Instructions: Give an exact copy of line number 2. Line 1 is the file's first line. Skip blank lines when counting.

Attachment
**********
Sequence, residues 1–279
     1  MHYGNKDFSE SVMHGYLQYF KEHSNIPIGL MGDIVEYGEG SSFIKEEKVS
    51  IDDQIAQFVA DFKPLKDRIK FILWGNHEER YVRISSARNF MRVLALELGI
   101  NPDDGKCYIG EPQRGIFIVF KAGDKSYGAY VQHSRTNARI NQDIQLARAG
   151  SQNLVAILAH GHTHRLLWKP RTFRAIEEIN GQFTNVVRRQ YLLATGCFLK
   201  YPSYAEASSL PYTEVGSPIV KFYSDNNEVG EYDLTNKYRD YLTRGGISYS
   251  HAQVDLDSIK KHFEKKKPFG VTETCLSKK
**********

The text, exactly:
     1  MHYGNKDFSE SVMHGYLQYF KEHSNIPIGL MGDIVEYGEG SSFIKEEKVS